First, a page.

Summary: My name is Andrew Guidarelli, and I am Tuck’s Strategy and Partnerships Manager. I started working for Tuck as a contractor in 2019 and joined the team as a full-time employee in March 2021. Since then, I’ve had the opportunity to work on both the client-facing and the operations side of the business, which gives me a unique perspective on the value that we bring to an engagement. Specifically, I’ve watched our consultants employ tools like ClickUp to address a wide range of business problems. This post is about how I leaned on institutional knowledge and best practices to make dramatic enhancements to an internal processes.
One of the most time-consuming and repetitive aspects of my job is drafting and delivering NDAs, teaming agreements, and contracts. That’s why automating that process (among others that affect invoicing and sales) became a goal of mine for Q3.
Defining a Solution with OKRs?
I’ve been a Tuck employee since March 2021, so I’ve seen the organization go through 10 quarters of growth and adaptation. My arrival coincided with Tuck implementing a goal-setting methodology called Objectives and Key Results, or “OKRs.”
A quick summary of how we use OKRs: Before the start of a new quarter, the leadership team develops a list of our biggest pain points and market opportunities. We establish priorities by voting on those changes, and top 5 to 7 become the Objectives. Finally, we identify 3-5 quantifiable benchmarks that, if achieved, would effect the desired change: our Key Results (“KRs”).
Applying Project Management Tools and Techniques
A bit of the solution was already sketched out when the KR was published, and to be honest, I was eager to start building it and refining it through trial and error. But that’s not the Tuck way. Because our consultants face similar requirements from clients regularly, I was coached into creating a ClickUp List with a simple project plan for drafting, developing, testing, and finally implementing a solution for my documentation woes.
Since I am far more of a consumer of project management services than a PM, and because I was concurrently migrating our CRM from Microsoft Dynamics to HubSpot (a far superior platform for SMBs, especially in its OOTB configuration), I was reluctant to apply a formal project plan to what I perceived to be a linear task. In fact, I thought that it could be accomplished within hours: we’d buy licenses for document automation software (we chose PandaDoc), then write some additional fields into HubSpot and connect the platforms with an API (HubSpot has a ton of native ones).
As it turned out, fully automating this contract-writing process was far more complex than I imagined. Through several brief user interviews, I realized that I had not accounted for other requirements like:
- Fully-executed contracts require Tasks to be within other Folders and Lists in ClickUp; the status quo asks reminders built into our ClickUp project planning tool
- Existing document-naming conventions and aesthetic details could not accommodate outputs from certain HubSpot fields, meaning we had to standardize and simplify them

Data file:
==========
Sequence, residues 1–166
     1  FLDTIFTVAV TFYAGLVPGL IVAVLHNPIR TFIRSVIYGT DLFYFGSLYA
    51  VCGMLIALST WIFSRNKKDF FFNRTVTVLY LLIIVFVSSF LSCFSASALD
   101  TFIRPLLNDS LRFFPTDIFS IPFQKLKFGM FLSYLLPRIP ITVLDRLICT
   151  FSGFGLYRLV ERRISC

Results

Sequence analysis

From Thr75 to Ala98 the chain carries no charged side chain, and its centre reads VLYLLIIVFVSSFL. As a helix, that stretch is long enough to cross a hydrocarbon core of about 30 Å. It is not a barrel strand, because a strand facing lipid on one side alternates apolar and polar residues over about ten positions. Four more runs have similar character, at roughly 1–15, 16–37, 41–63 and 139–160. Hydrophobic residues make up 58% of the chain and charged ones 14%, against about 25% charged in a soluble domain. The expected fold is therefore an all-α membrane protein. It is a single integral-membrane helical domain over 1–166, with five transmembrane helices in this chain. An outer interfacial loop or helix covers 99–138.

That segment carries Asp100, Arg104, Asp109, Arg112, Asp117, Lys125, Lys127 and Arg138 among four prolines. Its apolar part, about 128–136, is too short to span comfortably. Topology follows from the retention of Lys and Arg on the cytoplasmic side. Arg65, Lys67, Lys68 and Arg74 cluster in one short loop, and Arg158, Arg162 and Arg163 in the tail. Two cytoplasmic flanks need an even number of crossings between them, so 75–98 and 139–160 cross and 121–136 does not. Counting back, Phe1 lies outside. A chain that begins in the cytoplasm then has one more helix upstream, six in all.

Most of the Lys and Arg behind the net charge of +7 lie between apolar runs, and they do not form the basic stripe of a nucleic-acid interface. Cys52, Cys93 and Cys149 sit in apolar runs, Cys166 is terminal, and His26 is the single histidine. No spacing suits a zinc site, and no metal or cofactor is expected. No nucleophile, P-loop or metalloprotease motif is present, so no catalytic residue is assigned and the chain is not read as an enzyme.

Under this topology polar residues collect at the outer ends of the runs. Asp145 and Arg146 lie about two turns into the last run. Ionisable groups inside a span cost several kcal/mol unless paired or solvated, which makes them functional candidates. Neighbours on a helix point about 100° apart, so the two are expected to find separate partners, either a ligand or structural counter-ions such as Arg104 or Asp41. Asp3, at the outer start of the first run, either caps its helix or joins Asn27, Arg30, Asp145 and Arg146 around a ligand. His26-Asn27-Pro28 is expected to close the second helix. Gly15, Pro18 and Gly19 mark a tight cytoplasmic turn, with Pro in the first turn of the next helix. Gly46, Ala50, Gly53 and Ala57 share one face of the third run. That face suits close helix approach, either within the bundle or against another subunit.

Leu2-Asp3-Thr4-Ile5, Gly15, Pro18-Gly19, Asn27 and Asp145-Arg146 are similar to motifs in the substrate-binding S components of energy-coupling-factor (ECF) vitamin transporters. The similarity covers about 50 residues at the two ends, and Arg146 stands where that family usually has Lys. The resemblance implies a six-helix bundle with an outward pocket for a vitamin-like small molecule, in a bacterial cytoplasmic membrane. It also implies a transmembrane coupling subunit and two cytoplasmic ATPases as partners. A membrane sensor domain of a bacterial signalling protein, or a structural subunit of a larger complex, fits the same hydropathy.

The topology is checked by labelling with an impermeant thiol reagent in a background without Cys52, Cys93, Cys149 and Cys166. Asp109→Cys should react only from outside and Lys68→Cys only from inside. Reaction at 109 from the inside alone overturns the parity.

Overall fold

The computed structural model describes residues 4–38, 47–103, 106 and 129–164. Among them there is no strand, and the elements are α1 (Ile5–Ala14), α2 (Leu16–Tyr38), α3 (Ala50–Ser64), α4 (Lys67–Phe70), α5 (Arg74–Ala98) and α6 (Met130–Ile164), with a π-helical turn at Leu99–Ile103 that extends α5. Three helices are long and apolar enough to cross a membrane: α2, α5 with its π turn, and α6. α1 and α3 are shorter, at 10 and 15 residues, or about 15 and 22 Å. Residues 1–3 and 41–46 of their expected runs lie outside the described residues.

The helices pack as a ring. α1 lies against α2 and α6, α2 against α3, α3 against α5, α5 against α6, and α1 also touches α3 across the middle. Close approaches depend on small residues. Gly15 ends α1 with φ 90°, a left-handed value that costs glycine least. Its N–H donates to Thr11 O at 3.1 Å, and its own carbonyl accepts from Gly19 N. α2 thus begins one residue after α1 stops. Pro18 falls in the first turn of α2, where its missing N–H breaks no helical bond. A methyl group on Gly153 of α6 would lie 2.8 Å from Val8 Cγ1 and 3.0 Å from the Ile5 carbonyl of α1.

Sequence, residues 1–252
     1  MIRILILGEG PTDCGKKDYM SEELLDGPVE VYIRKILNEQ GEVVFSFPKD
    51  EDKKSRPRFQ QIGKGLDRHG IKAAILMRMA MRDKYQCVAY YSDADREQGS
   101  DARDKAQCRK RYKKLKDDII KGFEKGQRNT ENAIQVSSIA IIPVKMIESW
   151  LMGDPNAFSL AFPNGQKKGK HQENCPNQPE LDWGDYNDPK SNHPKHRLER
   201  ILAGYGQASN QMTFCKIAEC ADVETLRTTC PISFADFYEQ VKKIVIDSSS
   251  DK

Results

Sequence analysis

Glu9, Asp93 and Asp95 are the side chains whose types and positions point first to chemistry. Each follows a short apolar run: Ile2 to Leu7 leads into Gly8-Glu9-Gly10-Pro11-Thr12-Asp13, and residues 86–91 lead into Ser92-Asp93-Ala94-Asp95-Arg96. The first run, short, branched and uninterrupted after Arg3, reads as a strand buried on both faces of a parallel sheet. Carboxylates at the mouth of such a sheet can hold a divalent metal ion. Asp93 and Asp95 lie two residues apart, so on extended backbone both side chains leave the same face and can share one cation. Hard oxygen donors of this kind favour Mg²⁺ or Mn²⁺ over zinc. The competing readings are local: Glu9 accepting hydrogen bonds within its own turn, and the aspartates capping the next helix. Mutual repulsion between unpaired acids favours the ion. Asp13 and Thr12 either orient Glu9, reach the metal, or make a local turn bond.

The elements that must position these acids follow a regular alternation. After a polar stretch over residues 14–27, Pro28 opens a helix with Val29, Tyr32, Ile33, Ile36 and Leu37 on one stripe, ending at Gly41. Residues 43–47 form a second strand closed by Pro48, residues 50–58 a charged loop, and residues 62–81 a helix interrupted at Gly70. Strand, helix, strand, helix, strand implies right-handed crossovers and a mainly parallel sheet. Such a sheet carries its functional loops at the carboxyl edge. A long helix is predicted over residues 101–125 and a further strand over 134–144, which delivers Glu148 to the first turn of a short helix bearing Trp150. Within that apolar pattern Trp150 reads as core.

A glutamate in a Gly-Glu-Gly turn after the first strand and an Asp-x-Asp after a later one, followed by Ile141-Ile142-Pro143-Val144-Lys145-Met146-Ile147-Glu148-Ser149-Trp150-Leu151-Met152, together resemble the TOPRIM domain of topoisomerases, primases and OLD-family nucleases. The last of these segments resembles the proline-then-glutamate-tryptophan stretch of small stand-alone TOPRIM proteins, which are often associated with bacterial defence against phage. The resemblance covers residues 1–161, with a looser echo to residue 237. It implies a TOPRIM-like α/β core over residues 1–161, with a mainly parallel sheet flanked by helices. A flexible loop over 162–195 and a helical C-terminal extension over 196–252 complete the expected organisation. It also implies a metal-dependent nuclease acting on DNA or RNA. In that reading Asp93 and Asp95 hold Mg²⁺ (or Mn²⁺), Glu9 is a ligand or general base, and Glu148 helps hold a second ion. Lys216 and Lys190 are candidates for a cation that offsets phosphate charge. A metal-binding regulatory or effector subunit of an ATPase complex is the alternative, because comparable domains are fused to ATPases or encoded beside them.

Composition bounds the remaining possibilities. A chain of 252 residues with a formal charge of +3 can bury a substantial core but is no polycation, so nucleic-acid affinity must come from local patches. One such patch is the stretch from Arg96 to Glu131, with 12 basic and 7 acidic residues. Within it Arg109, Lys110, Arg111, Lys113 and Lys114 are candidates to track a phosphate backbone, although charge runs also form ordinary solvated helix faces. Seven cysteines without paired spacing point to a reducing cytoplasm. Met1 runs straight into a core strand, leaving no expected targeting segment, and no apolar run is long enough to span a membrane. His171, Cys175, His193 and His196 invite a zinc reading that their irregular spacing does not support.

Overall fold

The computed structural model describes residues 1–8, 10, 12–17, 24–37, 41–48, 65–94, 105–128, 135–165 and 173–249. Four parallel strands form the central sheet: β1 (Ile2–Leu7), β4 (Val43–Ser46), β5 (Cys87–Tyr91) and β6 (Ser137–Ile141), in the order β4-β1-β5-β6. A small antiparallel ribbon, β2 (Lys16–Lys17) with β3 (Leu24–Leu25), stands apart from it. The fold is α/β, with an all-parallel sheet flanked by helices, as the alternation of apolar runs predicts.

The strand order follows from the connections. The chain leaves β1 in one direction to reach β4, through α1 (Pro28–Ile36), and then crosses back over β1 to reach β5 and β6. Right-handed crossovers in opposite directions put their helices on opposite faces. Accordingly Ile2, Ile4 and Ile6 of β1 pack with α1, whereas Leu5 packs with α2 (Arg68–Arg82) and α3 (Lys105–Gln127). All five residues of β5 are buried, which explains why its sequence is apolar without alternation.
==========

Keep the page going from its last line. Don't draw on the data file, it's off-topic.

- Most of the consultants currently on projects had onboarded prior to Q3, so we had to motivate them to repopulate their HubSpot profiles with new information (we built a new HubSpot form to collect this data).
After several false starts, I finished the rudimentary project plan in ClickUp. It was a simple one (more Waterfall than Agile), but building out a project plan allowed me to prioritize tasks, delegate the development work beyond my capabilities, and address each issue in turn. For the requirements mentioned above, I:
- built a new ClickUp automation created onboarding tasks for new consultants or consultants
- streamlined the format of contractual agreements so that auto-populated fields became indistinguishable
- approached consultants within the Tuck network systematically to fill out a revised capability survey (they stepped up with overwhelming participation)
In the end, our new process for creating, executing, and archiving contracts was online before the new quarter began, putting us ahead of schedule!
While it’s a no-brainer to apply project management principles to complex, wide-ranging, and expensive initiatives (you can read about some that we’ve undertaken here, applying them to more modest ones within your own organization can meet resistance. As I wrote earlier, I was reluctant to invest the time in adopting a formal project plan to achieve one of my KRs. Thanks to the simplicity and convenience of ClickUp, and to the project templates that my colleagues already built, I was able to overcome that resistance pretty quickly, and to achieve an objective that had been at risk a month earlier.
I was able to accomplish my goal so quickly because I had access to the same tools and expertise that Tuck clients do. I also had the flexibility of moving my project deadline backwards because it wasn’t mission critical. In many cases, getting your project completed within a given time frame is mission-critical. For those situations, our team of expert project management professionals can help – let’s talk more.
Strategy & Partnerships
As Tuck’s Strategy and Partnerships manager, Andrew builds and nurtures relationships with the vendors and teammates that help us solve problems for clients. He’s also responsible for Sales operations and business capture. Outside of work, Andrew enjoys jogging (not running ) and catching live acts at one of DC’s myriad venues.